Police bid to have off-licences closed for Twelfth parade
Police have ended a legal bid to have five off licences ordered to shut during the Twelfth of July parade in Belfast.
The application was withdrawn after some of the retailers agreed to close for limited hours around next week's annual Orange Order demonstration.
Lawyers representing the PSNI had gone before Belfast Magistrates' Court seeking closure orders against identified traders.
The move was based on concerns that selling alcohol in areas close to the parade route could heighten the risk of public disorder.
Five shops in the south of the city were identified: Wineflair at Tates Avenue; Tesco on the Dublin Road; Winemark at Bradbury Place; and Russell's Food and Drink outlets on Sandy Row and Botanic Avenue.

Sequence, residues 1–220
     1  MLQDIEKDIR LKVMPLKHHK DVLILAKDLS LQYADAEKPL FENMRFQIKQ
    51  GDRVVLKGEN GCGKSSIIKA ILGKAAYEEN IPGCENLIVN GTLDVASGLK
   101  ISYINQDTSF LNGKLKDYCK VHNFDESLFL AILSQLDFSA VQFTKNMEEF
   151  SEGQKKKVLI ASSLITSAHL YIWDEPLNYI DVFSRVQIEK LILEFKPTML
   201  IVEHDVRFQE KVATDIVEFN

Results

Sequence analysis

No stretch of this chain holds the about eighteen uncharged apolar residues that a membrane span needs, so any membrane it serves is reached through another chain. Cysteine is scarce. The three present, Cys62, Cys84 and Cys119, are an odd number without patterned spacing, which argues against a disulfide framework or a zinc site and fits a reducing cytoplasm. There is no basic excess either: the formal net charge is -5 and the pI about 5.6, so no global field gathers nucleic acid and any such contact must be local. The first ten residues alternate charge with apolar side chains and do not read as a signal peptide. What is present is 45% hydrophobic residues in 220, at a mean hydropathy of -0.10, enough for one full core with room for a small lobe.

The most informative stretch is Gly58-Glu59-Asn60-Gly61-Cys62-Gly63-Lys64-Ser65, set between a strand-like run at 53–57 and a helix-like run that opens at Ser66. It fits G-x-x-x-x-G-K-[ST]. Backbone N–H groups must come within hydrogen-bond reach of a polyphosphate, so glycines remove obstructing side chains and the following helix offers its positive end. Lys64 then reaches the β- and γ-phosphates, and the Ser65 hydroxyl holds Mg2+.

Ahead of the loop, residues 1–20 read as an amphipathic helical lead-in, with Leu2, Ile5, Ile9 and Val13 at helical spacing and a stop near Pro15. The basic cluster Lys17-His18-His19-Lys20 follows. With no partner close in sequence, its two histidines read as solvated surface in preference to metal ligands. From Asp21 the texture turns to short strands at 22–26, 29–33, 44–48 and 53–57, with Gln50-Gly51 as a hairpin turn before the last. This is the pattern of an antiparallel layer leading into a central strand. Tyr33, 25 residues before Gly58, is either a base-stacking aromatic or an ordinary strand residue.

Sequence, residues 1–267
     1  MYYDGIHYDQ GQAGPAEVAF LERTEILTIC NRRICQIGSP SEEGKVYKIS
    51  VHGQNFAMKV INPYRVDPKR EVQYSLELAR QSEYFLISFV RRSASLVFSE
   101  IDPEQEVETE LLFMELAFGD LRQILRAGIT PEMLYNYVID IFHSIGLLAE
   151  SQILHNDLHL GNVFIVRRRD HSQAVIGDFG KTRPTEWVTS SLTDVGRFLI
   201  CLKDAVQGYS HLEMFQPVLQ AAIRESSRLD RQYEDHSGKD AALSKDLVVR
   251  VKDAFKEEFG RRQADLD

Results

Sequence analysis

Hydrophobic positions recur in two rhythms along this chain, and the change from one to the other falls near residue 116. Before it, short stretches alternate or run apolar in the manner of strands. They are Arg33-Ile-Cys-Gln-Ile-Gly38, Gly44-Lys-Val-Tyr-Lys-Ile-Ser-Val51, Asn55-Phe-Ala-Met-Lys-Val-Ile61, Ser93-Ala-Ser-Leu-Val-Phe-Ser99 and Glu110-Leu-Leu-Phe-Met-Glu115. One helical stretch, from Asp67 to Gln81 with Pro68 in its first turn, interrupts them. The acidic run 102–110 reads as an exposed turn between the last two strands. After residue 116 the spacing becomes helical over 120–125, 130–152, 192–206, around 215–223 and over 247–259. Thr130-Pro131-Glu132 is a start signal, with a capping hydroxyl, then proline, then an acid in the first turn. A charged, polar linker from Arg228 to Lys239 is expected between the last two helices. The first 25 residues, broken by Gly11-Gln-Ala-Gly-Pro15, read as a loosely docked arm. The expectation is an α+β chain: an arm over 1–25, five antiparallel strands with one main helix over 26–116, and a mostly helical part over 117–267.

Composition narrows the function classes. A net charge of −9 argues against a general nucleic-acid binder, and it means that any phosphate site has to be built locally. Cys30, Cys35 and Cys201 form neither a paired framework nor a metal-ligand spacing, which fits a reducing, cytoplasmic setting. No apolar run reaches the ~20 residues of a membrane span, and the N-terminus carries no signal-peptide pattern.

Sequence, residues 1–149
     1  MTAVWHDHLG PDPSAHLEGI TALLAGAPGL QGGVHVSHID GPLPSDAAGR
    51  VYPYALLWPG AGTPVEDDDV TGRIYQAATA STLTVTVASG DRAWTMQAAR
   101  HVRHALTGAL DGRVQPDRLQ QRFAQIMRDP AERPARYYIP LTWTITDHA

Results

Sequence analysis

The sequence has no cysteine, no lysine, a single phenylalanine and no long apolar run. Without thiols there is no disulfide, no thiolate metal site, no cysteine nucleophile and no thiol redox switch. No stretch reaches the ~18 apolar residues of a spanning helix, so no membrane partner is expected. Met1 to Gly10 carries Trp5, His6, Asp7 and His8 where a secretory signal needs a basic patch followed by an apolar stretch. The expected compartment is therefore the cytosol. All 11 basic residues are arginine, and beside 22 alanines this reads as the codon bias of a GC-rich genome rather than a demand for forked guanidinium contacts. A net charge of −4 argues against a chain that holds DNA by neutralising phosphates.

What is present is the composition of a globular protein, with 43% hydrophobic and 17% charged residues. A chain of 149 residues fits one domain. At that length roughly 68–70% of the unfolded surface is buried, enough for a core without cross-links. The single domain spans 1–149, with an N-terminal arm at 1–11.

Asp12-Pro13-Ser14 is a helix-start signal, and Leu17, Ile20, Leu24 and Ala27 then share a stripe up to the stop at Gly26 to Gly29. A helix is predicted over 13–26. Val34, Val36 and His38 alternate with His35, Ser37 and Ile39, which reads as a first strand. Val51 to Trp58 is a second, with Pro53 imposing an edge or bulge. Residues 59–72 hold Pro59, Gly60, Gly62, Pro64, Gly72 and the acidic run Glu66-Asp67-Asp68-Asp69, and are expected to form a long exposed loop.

But the businesses instructed counsel to defend the application, brought under the 1996 Northern Ireland Licencing Order.
They were set to argue that the legislation would require the closure of all premises selling alcohol within a defined area.
A further defence involved claims the onus was on police to demonstrate that the stores they wanted to close are linked to any disorder.
But following out-of-court negotiations, counsel for the PSNI confirmed a resolution had been reached.
Withdrawing the application, she told District Judge Ken Nixon: "We have come to an agreement with the parties voluntarily.
"I'm happy to say that no further order is needed."
It is understood that the Tesco, Wineflair and Winemark branches have all agreed to close for limited periods on the Twelfth.
However, Russell's Food and Drink is to remain open as normal throughout the day.
Stewart Beattie QC, representing one of the off licences, told the court lessons should be learnt for the future.
"This is not any way to look at a matter like this," he said.
"I would encourage everybody involved in this matter that the time to talk ought to be within this calendar year and not to leave it to the eleventh hour again.
"These are responsible businesses and responsible people."
Belfast Telegraph Digital